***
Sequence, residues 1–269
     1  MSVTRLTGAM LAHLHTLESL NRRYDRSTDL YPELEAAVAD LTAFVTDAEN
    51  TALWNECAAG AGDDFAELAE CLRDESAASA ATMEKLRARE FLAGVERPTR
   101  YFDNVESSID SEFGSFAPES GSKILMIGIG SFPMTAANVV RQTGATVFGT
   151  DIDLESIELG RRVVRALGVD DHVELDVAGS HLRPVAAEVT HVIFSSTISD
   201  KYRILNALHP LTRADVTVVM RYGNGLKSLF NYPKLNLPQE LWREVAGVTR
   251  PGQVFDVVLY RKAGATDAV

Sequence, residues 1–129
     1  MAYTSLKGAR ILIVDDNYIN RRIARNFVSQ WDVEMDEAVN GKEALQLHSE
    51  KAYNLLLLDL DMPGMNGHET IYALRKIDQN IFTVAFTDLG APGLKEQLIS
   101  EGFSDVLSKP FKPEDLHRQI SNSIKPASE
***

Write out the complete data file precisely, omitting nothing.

Sequence, residues 1–269
     1  MSVTRLTGAM LAHLHTLESL NRRYDRSTDL YPELEAAVAD LTAFVTDAEN
    51  TALWNECAAG AGDDFAELAE CLRDESAASA ATMEKLRARE FLAGVERPTR
   101  YFDNVESSID SEFGSFAPES GSKILMIGIG SFPMTAANVV RQTGATVFGT
   151  DIDLESIELG RRVVRALGVD DHVELDVAGS HLRPVAAEVT HVIFSSTISD
   201  KYRILNALHP LTRADVTVVM RYGNGLKSLF NYPKLNLPQE LWREVAGVTR
   251  PGQVFDVVLY RKAGATDAV

Sequence, residues 1–129
     1  MAYTSLKGAR ILIVDDNYIN RRIARNFVSQ WDVEMDEAVN GKEALQLHSE
    51  KAYNLLLLDL DMPGMNGHET IYALRKIDQN IFTVAFTDLG APGLKEQLIS
   101  EGFSDVLSKP FKPEDLHRQI SNSIKPASE